Authors: Ashley Meira
“You two should go,” said Khalil. “I’ll handle this.”
“What?” I frowned, my brows coming together. “I can call this in.”
“And risk getting caught with those vials? Best to go see Elise now and pay lip service to Flavius later.” He pulled out a handkerchief and grabbed a handful of Robert’s ashes with it. “Give this to her, too. Just in case.”
Alex took the hanky, tied it off, and put it in his pocket. At our look, he said, “I don't see a purse.”
Khalil grinned. “Do you think
would fit in your–”
“Thank you for taking care of this, Khalil,” I said firmly before softening up. “Be careful, okay? If Flavius thinks you and Marcus are behind this…”
“He doesn’t know we’re working together.”
I placed a hand on his arm, ignoring Alex’s frown. “If he thinks you’re involved with anything like this, you’re as good as dead. You don’t have the clout Marcus has, Flavius won’t care what happens.”
The corners of Khalil’s lips quirked up. “And you do?”
“We’re partners, aren’t we?”
The quirk turned into a full smile. “This whole night has been an exercise in overused phrases, hasn't it?”
“Not to interrupt your little moment,” said Alex, “but are we leaving or not?”
“You should,” Khalil said flatly, looking at Alex like he was a fly buzzing too close to his ear. “Your boyfriend appears to be up past his bedtime.”
Alex stepped forward. “You–”
“Whoa.” I came up between them, pressing a hand flat against each of their chests. “Enough. You want to whip’em out and measure’em? Go ahead. Later. When there isn’t a twice-dead body around and assassins aren’t breaking through windows. Let’s go.”
“Assassins?” Alex asked, looking fifty percent confused puppy and one hundred percent pissed off alpha male.
“I’ll explain on the way,” I said, the cold floor numbing my feet. “Um, could I borrow your socks?”
“I’d offer you something to drink, but…” Elise trailed off, gesturing vaguely into the air.
“It’s fine,” I said. “Unless you’ve got some alcohol on-hand for thaumaturgical rituals.”
“Unfortunately not,” she said with a small smile before looking me over, wrinkles forming in her forehead. “…Would you like to borrow a pair of shoes?”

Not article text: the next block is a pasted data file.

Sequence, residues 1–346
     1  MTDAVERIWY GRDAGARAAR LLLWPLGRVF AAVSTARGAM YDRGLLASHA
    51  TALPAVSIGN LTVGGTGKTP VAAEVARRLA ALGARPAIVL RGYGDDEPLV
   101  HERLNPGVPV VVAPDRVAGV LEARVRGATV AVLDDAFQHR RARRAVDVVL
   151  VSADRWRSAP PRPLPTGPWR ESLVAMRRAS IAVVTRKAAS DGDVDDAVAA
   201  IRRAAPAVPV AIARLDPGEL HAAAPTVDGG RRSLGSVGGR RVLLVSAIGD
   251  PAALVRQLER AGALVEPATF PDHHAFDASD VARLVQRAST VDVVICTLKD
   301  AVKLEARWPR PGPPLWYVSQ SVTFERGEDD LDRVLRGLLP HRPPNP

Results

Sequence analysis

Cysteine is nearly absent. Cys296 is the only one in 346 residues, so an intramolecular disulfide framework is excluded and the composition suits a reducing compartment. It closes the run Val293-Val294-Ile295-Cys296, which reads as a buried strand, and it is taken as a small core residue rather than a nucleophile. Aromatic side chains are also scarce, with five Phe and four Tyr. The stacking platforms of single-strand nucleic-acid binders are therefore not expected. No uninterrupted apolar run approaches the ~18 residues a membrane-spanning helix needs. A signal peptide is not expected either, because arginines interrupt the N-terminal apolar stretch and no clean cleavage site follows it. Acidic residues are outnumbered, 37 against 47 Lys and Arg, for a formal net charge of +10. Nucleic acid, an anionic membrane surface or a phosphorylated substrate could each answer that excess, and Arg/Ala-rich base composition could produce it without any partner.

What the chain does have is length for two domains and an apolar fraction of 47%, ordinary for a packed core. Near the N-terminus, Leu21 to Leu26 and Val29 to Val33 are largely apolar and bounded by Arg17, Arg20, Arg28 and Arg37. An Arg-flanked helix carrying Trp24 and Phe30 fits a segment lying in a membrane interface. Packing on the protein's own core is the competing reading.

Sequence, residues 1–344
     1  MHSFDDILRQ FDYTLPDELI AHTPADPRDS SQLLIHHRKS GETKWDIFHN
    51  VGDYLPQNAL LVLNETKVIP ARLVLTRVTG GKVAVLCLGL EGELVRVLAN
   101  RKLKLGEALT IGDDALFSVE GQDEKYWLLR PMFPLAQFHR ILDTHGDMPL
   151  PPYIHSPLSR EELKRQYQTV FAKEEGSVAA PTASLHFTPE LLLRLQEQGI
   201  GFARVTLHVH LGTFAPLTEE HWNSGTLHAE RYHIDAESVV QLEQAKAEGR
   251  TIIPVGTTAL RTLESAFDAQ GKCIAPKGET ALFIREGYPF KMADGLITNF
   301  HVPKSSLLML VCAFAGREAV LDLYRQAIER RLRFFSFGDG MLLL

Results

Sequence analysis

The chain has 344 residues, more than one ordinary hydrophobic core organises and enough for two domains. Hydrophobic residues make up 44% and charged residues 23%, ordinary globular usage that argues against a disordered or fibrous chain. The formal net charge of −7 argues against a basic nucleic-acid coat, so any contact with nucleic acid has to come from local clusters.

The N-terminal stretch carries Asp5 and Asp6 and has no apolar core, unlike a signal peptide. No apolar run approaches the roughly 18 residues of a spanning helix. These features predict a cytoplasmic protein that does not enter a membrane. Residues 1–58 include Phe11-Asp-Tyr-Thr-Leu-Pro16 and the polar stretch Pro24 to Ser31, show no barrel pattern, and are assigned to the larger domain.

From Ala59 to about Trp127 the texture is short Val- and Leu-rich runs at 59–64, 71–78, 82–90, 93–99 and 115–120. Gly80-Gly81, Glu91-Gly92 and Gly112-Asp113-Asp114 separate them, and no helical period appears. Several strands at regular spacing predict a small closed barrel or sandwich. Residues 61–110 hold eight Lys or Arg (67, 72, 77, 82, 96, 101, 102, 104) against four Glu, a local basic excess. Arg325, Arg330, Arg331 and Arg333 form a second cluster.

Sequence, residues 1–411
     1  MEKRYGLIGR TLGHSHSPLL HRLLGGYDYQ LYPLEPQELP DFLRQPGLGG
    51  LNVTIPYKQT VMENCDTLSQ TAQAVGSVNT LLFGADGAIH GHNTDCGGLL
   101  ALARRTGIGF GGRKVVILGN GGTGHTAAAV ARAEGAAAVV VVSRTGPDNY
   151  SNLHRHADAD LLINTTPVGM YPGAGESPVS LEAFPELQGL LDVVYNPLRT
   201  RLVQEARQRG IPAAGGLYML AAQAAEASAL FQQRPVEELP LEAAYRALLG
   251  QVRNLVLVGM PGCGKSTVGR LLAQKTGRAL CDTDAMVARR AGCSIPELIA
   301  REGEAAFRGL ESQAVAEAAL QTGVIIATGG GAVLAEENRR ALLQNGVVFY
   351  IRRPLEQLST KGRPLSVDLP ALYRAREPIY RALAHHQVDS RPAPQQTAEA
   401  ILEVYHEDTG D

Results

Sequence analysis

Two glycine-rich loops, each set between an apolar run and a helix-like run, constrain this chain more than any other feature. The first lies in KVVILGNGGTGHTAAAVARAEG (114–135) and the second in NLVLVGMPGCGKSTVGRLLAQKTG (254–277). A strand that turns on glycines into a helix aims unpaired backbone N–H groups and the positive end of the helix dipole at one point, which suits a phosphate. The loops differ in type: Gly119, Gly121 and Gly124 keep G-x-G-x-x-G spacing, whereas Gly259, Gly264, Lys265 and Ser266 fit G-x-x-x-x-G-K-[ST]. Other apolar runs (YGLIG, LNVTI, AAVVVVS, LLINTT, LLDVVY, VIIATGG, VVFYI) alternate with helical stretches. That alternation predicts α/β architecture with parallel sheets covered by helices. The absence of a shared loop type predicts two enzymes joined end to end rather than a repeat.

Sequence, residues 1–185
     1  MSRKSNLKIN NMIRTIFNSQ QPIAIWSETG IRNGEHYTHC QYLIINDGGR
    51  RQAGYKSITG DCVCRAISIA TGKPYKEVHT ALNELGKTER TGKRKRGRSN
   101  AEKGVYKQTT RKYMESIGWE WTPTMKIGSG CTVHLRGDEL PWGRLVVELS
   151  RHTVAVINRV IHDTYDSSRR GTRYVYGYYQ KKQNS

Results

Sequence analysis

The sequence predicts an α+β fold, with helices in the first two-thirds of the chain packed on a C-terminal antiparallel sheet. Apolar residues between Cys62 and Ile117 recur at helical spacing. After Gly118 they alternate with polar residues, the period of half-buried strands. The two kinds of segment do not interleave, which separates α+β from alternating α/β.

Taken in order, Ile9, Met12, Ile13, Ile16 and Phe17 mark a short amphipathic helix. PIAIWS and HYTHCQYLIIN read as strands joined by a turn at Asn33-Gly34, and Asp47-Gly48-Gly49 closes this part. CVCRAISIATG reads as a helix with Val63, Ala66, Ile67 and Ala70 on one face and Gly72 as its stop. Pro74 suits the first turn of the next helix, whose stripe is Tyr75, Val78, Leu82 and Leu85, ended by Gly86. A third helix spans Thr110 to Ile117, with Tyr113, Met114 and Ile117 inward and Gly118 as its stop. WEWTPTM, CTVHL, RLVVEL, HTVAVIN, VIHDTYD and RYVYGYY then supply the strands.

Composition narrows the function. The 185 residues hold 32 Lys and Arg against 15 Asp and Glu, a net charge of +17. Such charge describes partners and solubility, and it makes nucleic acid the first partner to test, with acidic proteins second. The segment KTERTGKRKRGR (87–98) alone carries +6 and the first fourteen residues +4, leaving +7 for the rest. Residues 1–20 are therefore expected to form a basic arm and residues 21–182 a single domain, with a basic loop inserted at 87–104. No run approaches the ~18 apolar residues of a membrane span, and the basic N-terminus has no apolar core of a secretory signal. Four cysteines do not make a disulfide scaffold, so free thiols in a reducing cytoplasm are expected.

I looked down at the dress socks I was wearing. They were surprisingly comfortable to walk in, even outside. However, I barely made it a foot past the lobby door before Alex insisted on carrying me. I felt like an overgrown child the entire time, but couldn’t bring myself to protest the closeness.
I made a mental note to ask where he bought them before nodding to Elise with a sheepish smile. Alex was sitting next to me, in the same spot Khalil had occupied last night, looking as if everything around was about to jump up and bite him. Apparently, he wasn’t fond of thaumaturges. I didn’t blame him. The majority of renegade mages the Order hunted were either infernalists or crazed thaumaturges.
“Dorian,” Elise called.
The little boy peeked his head into the sitting room. I slid down in my seat, trying to hide behind Alex’s athletic frame. Dorian’s owl-like eyes peered over at me as if he knew what I was doing, an almost cute smile on his lips. He padded over to us and looked down at my feet before turning to Elise.
“Yes,” she said to his unasked question.
Dorian vanished and came back a minute later with a pair of slippers. Alex tensed as the boy held the shoes up to me, his skin glowing a sickly white in the firelight. Feeling better that I wasn’t the only one creeped out by the boy, I took the slippers with an uneasy smile.
Dorian fluttered his eyes as if he was trying to get rid of an invasive eyelash, amused smile still in place, and exited the room. Alex and I traded looks, the same thought in both our minds:
damn, that kid is creepy.
“Is he your son?” Alex asked.
“No.” Elise didn’t even blink. “Monsieur Khalil informed me of what happened. Do you have the ashes?”